Bisexuals Unwelcome in College and Lack of Acceptance Hurts Education
Bisexuals Unwelcomed in College and lack of acceptance hurts Education
Bisexuals are unwelcomed in college and the lack of acceptance results in their ability to obtain a proper education. Gallup Survey’s estimate that 4.5 percent of adults in America identify as queer. According to a 2013 PEW Research Center survey, approximately 40 percent of the queer population identifies as bisexual. A question that we are going to answer in this article is why are bisexuals less likely to finish college?
Of the general population, 43 percent of adults have a “high school or less” level of education, while 31 percent have started college, and 26 percent have a bachelors degree or higher degree. An average of lesbian, gay, bisexual and transgender adults had an overall higher rate of higher education – 33 percent high school or less, 36 percent have started college, and 32 percent had a degree of some kind.
Unwelcomed Acceptance of Bisexuals Interferes in a college degree
However, according to the same data, bisexual people of all genders have a higher likelihood of starting college, but a significantly lower chance of finishing a bachelors degree or higher. The reasons for that are because they are significantly less likely to be accepted by their peers for who they are.
College is where many people find their communities and their safe places, but for bisexual people, it’s often even more traumatizing than primary school was, for these reasons.
Bisexual women have a significantly higher likelihood of experiencing sexual assault in their lifetime, particularly if they attend college. While rates were approximately 25 percent for heterosexual women, gay and bisexual men, 40 percent of bisexual women reported having experienced sexual assault during their four years in college, according to a 2016 report in the Violence and Gender journal.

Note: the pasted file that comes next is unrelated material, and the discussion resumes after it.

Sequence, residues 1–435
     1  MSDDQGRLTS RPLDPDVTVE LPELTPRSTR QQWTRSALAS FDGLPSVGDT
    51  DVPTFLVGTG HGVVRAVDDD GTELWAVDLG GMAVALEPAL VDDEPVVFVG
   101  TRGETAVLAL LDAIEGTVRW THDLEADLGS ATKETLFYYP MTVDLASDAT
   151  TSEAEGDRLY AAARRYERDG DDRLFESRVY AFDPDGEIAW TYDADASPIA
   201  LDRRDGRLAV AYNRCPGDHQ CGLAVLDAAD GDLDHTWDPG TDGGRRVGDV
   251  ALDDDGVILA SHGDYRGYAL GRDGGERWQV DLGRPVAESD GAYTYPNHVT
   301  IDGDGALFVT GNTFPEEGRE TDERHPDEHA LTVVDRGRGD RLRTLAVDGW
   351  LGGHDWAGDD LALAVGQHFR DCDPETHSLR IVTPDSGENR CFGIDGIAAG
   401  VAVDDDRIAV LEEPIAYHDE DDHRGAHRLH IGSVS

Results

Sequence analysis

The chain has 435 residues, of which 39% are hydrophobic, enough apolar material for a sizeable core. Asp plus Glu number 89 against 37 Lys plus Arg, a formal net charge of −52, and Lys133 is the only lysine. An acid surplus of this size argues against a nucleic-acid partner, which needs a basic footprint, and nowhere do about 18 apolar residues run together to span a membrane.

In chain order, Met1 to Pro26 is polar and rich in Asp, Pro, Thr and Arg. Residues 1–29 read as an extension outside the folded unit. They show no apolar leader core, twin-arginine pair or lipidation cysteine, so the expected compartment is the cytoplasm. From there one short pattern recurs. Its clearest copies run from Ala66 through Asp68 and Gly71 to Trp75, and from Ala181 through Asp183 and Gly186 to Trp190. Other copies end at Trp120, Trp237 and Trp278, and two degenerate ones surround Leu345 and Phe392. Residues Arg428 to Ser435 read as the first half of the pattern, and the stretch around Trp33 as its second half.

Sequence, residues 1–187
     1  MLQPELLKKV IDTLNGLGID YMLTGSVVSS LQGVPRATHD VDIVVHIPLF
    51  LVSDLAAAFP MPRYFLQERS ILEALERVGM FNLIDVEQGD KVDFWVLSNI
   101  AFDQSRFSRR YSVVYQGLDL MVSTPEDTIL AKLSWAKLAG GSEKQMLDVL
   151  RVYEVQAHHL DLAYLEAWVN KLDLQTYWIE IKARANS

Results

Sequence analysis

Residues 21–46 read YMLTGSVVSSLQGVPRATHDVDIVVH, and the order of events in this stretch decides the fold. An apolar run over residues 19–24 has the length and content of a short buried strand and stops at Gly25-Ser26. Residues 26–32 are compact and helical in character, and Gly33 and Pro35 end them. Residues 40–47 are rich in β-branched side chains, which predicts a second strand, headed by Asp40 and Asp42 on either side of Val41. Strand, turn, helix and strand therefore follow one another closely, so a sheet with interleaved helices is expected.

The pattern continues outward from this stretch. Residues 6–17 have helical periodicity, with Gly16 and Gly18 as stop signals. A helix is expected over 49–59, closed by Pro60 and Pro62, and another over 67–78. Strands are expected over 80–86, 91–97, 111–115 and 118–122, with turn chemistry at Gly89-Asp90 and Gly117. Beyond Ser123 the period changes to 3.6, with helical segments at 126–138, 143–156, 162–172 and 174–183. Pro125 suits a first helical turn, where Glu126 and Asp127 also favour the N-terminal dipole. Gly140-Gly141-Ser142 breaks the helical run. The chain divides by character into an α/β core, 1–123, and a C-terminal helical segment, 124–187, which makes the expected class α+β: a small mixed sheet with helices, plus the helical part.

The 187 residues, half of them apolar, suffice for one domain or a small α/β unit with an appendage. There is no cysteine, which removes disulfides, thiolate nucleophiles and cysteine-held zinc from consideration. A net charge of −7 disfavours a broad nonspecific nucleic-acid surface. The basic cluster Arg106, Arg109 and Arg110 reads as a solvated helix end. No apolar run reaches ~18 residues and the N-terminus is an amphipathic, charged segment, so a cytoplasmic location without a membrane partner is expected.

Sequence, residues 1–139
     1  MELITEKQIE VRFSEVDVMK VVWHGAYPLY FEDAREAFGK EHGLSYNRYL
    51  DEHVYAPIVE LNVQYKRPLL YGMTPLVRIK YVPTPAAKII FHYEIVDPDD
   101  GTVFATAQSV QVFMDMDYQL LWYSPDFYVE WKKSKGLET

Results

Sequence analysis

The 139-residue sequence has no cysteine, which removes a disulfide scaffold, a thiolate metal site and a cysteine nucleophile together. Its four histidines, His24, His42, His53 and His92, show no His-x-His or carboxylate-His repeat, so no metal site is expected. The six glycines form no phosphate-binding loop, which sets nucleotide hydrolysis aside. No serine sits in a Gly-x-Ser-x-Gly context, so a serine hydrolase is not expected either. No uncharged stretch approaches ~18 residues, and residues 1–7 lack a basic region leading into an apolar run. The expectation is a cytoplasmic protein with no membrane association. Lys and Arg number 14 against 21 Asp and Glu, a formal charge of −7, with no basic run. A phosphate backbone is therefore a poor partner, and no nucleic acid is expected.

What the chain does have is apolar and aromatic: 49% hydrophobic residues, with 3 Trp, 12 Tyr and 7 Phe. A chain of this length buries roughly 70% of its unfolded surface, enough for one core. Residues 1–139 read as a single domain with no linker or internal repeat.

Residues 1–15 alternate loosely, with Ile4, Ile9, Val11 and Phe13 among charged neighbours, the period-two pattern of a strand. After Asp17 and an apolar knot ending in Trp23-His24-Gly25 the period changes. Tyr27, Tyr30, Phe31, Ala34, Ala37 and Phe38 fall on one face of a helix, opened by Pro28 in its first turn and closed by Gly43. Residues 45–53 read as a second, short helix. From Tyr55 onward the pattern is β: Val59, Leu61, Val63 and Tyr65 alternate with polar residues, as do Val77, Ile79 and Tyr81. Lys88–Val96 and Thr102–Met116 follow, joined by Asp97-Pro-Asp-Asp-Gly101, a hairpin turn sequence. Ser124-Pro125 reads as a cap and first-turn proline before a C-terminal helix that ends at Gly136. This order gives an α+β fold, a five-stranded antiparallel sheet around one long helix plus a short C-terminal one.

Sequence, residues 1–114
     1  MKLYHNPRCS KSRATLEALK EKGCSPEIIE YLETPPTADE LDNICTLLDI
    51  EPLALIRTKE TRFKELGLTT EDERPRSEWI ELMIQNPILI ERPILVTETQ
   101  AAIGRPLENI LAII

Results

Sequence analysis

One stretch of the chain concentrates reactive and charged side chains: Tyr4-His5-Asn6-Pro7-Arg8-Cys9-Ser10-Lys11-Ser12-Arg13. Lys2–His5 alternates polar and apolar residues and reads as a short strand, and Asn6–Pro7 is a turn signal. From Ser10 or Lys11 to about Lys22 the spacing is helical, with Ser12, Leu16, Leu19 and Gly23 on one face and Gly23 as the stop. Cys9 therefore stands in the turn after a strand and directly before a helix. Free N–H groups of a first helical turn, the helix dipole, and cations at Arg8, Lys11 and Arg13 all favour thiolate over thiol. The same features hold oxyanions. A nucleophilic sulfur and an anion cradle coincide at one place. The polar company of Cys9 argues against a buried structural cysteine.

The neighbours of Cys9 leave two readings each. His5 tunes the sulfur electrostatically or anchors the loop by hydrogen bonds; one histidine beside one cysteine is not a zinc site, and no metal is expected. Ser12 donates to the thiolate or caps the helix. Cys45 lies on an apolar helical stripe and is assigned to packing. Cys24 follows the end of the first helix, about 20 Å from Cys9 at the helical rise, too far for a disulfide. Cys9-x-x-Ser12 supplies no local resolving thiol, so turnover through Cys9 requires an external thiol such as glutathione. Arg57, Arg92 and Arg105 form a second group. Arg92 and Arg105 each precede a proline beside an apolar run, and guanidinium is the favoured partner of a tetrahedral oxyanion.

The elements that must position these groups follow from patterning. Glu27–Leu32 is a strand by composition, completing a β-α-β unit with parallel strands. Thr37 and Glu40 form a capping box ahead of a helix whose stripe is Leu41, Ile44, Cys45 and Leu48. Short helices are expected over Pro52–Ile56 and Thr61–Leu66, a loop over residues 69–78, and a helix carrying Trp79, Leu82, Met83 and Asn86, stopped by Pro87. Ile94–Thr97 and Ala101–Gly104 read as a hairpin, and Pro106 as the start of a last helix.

Bisexual Individuals Unwelcomed in Queer Circles
Bisexual individuals are more likely to be considered unwelcome in queer circles than gay men or lesbian women, especially if they have a partner of a different gender. Many lesbian groups pride themselves having what they call “gold star” lesbians – or lesbians who have never dated a man. Bisexual women who attempt to join these circles are told that they are not welcome, or that they are in denial about their actual sexuality. There are similar issues for bisexual men reaching out to gay organizations. It’s also common for bisexual rejected by potential partners because they have a sexual interest in another gender. This can lead to bisexual people being very isolated even within circles that should be friendly towards them.
Gatekeeping is not a good look and doesn’t help anybody, and we know that it does actively harm people. If you are currently a college student, reach out to your queer organizations and make sure that they are welcoming space for people of all orientations and genders, to help make your college a better place for everyone in the queer community. On a personal level, check in on your bisexual friends. They could probably use it.